Hello there people! The sun is shining and that makes me smile. It’s amazing how a little sunshine can improve our mood, as can the right food! Ooh that rhymed!! I have another fabulously easy side dish recipe for you today Baked Garlic Herb Potato Wedges.
Perfect on their own or as a side dish these Baked Garlic Herb Potato Wedges are a tasty alternative to oven chips. They are quick to prepare, need no attention whilst they bake in the oven and have a finger licking garlicky flavour.
Also, why is it food tastes better when eaten with our hands???
Sorry I’ll get back to the point – which is – these baked beauties go with just about anything: Roast Chicken, Fish, Quiche, Steak, Sausages…. The list is endless. Try them and let me know what you had them with?
Recipe : Baked Garlic Herb Potato Wedges Serves 4-6 as a side.
Cut each baking potato in half lengthways. Cut each half into wedges, approx 1/2 inch wide – try to keep all the potato wedges a similar size, this will ensure even cooking. Place all the potato wedges onto a large baking sheet/roasting pan.
Ensure the wedges are spread out evenly and then place in the oven.
Bake for 40 – 50 minutes until golden and cooked through (I usually test larger wedges with a knife).
Note : I give the tin a good shake halfway through cooking, to ensure they don’t stick. Also, if they do start to stick, use a fish slice to separate them and flip them over.
Serve immediately with a sprinkle of crunchy sea salt and freshly ground black pepper.
Also I make these using fresh, minced Rosemary in place of the Thyme. I honestly couldn’t pick a favourite – both versions are equally delicious!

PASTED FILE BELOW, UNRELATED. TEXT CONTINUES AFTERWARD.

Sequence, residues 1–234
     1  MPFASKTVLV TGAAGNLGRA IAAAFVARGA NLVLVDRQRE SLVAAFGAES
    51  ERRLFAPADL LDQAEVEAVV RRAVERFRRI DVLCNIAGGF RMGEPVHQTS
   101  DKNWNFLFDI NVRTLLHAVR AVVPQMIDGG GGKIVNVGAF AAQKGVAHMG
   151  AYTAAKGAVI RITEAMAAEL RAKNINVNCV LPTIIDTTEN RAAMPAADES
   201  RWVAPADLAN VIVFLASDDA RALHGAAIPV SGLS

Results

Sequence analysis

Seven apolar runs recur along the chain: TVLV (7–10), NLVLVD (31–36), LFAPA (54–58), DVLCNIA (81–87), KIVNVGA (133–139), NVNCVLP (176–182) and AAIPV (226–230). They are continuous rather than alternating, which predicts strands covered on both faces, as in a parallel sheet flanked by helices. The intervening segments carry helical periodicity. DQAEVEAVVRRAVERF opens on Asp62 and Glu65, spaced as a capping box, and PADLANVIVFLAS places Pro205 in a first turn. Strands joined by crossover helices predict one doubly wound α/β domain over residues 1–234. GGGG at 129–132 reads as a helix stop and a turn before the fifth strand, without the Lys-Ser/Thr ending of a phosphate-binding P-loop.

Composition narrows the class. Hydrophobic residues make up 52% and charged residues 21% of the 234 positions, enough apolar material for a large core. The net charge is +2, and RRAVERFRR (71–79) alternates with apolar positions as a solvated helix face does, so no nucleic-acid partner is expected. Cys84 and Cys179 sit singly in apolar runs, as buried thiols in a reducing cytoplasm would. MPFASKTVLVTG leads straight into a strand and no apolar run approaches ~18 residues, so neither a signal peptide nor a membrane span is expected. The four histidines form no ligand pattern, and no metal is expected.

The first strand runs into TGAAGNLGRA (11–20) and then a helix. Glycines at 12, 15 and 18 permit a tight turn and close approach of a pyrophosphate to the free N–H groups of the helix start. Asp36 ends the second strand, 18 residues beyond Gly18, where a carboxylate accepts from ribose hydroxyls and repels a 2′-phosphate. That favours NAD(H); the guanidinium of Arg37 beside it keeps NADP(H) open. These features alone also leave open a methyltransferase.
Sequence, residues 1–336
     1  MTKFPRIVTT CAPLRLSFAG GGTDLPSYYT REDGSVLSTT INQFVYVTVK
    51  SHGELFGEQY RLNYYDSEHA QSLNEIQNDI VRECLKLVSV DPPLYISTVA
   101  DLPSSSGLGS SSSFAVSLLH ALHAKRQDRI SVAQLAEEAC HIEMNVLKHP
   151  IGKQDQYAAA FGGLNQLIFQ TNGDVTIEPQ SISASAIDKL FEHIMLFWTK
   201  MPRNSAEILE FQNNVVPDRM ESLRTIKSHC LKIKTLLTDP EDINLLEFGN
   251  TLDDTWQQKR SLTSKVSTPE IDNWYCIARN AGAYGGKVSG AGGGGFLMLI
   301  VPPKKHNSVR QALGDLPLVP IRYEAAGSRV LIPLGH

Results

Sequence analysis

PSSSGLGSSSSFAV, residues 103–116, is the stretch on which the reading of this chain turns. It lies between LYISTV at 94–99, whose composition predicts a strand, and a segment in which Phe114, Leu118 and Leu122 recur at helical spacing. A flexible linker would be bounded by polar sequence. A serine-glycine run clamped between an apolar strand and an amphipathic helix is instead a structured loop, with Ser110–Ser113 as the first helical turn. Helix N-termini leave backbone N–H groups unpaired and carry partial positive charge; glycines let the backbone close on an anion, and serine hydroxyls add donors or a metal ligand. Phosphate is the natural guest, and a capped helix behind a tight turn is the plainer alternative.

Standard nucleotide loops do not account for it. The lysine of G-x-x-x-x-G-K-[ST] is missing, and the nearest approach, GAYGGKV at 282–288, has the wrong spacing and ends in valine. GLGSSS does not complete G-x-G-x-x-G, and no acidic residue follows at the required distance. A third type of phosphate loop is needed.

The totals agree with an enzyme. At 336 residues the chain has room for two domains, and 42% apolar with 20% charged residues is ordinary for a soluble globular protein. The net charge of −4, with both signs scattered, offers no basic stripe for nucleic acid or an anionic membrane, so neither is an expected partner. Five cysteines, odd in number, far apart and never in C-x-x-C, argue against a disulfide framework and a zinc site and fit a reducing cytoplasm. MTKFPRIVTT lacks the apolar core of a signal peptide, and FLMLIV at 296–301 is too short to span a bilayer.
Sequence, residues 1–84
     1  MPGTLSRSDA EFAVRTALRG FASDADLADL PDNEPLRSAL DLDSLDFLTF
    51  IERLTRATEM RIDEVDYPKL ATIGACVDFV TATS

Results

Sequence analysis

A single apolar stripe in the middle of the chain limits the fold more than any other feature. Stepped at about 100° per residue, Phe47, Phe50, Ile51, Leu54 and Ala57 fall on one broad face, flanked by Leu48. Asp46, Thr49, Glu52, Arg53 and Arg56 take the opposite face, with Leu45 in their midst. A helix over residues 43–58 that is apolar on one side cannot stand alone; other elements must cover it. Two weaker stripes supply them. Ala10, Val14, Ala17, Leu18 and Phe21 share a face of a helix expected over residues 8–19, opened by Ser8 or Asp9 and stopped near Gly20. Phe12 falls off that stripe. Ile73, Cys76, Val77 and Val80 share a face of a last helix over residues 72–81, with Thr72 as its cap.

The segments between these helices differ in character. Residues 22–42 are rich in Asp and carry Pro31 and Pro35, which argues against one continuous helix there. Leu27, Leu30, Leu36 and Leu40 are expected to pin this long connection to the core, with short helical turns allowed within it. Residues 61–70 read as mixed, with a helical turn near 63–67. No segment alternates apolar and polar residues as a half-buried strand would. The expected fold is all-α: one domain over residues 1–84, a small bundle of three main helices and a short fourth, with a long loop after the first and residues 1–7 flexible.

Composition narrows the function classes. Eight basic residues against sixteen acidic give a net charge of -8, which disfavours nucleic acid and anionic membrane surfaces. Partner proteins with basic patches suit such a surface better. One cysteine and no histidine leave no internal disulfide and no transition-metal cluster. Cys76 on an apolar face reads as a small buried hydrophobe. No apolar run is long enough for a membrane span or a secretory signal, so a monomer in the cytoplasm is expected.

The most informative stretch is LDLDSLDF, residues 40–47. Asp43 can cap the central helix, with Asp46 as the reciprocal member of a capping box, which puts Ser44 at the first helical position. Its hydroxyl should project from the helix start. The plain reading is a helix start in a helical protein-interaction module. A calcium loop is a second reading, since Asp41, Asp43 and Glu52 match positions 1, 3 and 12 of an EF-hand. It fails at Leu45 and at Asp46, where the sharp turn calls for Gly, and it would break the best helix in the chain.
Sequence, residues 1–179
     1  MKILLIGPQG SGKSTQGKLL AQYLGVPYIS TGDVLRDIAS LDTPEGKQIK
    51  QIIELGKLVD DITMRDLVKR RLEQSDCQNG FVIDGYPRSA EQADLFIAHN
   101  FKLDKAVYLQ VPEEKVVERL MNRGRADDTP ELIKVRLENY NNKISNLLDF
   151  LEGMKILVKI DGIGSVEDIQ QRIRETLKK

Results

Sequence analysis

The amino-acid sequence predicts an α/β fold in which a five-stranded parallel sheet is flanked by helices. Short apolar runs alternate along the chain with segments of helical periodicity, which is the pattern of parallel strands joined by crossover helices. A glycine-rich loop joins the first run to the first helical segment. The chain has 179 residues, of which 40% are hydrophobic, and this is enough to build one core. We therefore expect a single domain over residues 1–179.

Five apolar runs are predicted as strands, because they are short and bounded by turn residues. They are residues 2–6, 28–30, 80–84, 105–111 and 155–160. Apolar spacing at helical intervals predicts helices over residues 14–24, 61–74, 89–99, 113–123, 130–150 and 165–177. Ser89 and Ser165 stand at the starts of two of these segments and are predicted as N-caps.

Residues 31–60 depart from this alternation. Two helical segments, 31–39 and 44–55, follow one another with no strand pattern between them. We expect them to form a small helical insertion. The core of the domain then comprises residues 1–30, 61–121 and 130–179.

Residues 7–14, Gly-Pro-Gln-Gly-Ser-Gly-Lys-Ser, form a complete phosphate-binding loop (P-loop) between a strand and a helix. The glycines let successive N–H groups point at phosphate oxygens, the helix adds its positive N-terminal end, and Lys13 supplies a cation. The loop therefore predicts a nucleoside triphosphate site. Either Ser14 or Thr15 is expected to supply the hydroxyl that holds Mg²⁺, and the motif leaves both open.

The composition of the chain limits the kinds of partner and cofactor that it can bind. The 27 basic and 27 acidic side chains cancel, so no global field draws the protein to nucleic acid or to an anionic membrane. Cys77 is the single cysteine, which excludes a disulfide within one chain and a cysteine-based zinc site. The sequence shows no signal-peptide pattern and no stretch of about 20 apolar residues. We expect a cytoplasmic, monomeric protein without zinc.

I hope you enjoy trying and feasting on this dish.
Hi, thanks for stopping bytoday. I hope you are well? As for me, I have a rotten sore throat (plus the high temperature etc that go with these horrid virus’). I need soup! Not any old soup, Leek and Potato Soup! I love this soup, it’s the one thing I can eat when I am feeling unwell and haven’t got an appetite. When I’m unwell this is what I feast on.
So I make a big batch of this soup when I’m well, then I freeze it in single portions. That way if I’m not feeling bril, like today, all I have to do is grab a portion out of the freezer, reheat and eat!
Recipe: Leek and Potato Soup
0.5kg Potatoes – I’ve used King Edwards, floury potatoes work best in this recipe.
1tsp Nutmeg – freshly grated
1/2tsp Sea Salt – I use Maldon
1/2tsp Black Pepper – freshly ground
1 Vegetable Stock Cube
1 Tbs Butter – for sautéing leeks
50mls plus a little extra Double Cream
Place a large, heavy based saucepan on the hob, add the butter and melt on a slow heat.
Trim the top and bottom of the leeks. Make a slit down the entire length of each leek. Wash each leek thoroughly under cold water, making sure that any dirt, trapped between the layers, is washed out. (This is best done under a tap of cold running water – or you can chop the leeks, place in a bowl filled with cold water, swish about to dislodge any dirt and drain.)